Give Apple your tired, your poor, your huddled iPhones yearning to be recycled!

Apple on Friday launched an in-store trade-in program, offering credit for your returned iPhones that can be applied to the purchase of a new product. A version of the program has already been available at Apple’s online store, where your old iPhone will get you credit on an Apple gift card. But in an effort to cast that iconic ecosystem net over its fans, the Cupertino tech giant is now reaching out to you in the flesh with its swap-shop benevolence:

Here’s what CNBC is reporting:

 

 

The company launched the new program on Friday, offering a credit for returned iPhones that can be used toward the purchase of a new one. That’s just in time for Apple’s Sept. 10 event where analysts expect the company to announce a new iPhone.

It’s not surprising that Apple—which already has an online recycling program that lets consumers trade their iPhone for credit on an Apple gift card—would expand into store trades, said Todd Day, senior industry analyst for Frost & Sullivan. “If you look at Apple’s overall business model, it’s not just about the devices but the overall universe,” he said. Offering a competitive trade-in program helps ensure those customers stick around, particularly if they receive a gift card instead of cash, as is the case with Apple’s existing online program.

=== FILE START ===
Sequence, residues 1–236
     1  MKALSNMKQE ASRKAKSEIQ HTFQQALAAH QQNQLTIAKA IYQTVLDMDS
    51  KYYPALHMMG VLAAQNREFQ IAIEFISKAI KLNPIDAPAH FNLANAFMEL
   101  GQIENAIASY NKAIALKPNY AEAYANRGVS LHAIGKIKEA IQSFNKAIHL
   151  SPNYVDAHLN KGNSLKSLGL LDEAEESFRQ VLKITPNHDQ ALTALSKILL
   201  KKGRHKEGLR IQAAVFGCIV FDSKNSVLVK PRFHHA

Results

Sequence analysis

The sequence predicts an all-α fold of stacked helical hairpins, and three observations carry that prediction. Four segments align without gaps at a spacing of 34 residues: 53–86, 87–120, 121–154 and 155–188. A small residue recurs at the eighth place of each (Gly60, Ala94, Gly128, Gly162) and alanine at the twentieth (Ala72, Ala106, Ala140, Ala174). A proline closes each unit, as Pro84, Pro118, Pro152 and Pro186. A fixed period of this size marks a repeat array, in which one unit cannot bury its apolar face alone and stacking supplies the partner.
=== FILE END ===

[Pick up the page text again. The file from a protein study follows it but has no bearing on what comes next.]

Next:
As Chuck Jones wrote on Forbes’ website, the brick-and-mortar gambit is a smart move by Apple, which is always trying to get us in the door where we’ll hopefully buy more iStuff:

 One of the benefits of an in-store program is that it should incrementally increase store traffic which is always a good situation as it increases the likelihood that the person will buy something. While some people will prefer to use the web to sell their iPhone there will be others that will want to go into a store to make sure it doesn’t get lost or pick up a new iPhone immediately.

Credit: idownloadblog.com

 

 

Patrick May Patrick May (296 Posts)

With more than 30 years on the front line of daily American journalism, I'm currently a staff writer with the San Jose Mercury News, covering Apple and writing people-centric business stories from Silicon Valley.